The creation of a community in and of itself is not sufficient to guarantee the kind of life- long learning that promotes creativity in a professional context. Indeed, the creation of a community is often the easiest part of the process. It is important to understand, from each learner’s point of view, the goals he or she is to achieve as well as the available to obtain them.

The two types of learning communities presented here reflect two differing directions for learning. They should not be seen as mutually exclusive but rather as different in control. The first, the guild model of community, offers more control and better options for accreditation and verifiability and is also the easier one of the two options. If a guild style community can be established, then it gives a single locus of learning. The other, the distributed model of community, i.e., multiple membership roles in multiple communities, offers far greater flexibility , though less control. It would be difficult for an employer to track learning in this kind of environment, or for learners to take guidance on what they should learn. A combination of these two is certainly possible, or the path might lead from one end to the other.

Community as Guild
Creating communities for learning is the first path that many people take begin to believe that the Benjamin Braddock model is failing them. They are looking for a connection between the organized world of learning and the new connected world of the Web. Indeed, there is a sense that a classroom can be this way. The community versions of these kinds of classrooms emerge around a particular topic or perspective and grow and adapt along non-institutional lines. We also see the same in different social communities that occur around different topics and fields online.

They do offer a number of very significant advantages—perhaps the most important being quality control. A look at traditional guild models and how they deal with issues of quality control offers an interesting perspective to the current open classrooms and social networks.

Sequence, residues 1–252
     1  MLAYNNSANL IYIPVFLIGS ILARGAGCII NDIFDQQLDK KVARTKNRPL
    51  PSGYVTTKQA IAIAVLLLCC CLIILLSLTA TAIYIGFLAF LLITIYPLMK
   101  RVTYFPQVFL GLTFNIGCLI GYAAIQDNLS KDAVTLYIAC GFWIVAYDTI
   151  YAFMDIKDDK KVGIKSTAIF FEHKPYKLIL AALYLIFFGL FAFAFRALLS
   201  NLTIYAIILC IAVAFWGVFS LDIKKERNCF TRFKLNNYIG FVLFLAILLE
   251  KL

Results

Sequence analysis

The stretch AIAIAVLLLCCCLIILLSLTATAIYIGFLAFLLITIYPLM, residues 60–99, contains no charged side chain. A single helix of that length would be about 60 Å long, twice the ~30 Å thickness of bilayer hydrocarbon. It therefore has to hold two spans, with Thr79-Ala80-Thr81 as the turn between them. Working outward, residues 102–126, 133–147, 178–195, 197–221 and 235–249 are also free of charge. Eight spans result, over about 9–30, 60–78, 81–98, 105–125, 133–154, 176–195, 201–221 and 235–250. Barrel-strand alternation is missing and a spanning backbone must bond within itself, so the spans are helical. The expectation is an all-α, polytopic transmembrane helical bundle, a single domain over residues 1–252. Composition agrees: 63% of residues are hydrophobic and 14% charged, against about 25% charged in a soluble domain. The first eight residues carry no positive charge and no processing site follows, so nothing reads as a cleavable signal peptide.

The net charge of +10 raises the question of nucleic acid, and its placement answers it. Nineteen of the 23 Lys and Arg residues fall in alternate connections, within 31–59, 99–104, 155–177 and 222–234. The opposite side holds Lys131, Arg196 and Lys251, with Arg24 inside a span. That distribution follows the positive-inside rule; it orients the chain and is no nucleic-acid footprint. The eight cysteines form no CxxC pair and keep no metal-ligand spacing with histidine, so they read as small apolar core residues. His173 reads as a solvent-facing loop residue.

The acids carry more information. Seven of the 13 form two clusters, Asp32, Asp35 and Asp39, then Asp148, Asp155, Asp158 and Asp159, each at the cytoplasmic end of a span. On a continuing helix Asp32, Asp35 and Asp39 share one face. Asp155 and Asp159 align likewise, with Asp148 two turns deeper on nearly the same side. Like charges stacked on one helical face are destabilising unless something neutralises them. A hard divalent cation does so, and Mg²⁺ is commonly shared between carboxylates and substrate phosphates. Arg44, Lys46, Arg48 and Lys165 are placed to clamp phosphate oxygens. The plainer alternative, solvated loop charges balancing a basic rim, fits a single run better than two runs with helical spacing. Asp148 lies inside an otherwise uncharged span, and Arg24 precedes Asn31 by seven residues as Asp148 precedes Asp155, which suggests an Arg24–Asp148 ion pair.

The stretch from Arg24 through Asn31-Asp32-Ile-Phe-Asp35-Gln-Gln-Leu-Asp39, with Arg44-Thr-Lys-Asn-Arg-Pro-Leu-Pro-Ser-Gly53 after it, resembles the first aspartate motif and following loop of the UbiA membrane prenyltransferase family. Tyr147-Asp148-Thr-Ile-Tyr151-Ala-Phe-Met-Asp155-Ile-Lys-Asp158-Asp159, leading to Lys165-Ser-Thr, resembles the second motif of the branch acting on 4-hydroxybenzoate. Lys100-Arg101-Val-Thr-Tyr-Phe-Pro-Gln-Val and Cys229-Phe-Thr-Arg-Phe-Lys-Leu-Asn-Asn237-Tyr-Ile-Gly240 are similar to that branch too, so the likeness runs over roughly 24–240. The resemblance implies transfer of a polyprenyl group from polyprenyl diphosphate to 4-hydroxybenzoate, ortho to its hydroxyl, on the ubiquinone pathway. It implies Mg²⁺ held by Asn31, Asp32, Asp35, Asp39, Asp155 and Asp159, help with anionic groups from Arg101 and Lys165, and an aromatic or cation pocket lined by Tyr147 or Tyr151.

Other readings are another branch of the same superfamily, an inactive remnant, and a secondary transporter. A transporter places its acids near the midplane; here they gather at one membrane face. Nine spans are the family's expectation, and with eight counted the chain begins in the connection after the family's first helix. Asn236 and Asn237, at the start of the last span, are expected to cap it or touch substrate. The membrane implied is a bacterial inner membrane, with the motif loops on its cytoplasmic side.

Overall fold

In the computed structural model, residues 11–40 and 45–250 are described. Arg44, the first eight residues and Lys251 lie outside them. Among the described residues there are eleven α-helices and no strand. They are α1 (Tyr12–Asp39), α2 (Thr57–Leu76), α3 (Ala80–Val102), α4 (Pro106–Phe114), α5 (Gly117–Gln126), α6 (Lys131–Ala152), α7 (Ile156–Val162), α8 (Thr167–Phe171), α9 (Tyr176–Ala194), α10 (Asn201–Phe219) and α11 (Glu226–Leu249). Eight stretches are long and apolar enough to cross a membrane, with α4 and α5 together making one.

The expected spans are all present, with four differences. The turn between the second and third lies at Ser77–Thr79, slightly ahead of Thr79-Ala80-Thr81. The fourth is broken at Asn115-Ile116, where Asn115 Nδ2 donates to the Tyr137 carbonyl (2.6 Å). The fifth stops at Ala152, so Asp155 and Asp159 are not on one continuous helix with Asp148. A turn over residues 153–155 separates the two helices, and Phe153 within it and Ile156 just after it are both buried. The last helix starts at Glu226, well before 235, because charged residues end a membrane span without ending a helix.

It is clear from the records left by guilds that they [guild] were vitally interested in matters of “quality control” and quality assurance. The exclusive right of the guilds to sell certain goods in certain markets, coupled with quality standards written into the guild regulations, assured buyers that all goods under the guild’s jurisdiction would be of a certain quality. The guild “imprimatur,” in other words, took the place of the reputation of individual craftsman as a quality assurance device. (Merges, 2004, p. 7)

The members of the guild, be they a representative organization or a classroom, are constrained by a charter, social contract, or syllabus that defines the things that are done and known inside that community. It both allows for observers of a community member to know what that member is likely to know and allows new members a better sense of how they can get involved. There are observable dos and don’ts that a person can follow in order to be more successful. People need to know who they are in their community. They need to know how to succeed. They need to understand the roles that are available and what it means to participate. Guilds can work, particularly when they are open and people think of them as part of the whole knowledge building structure.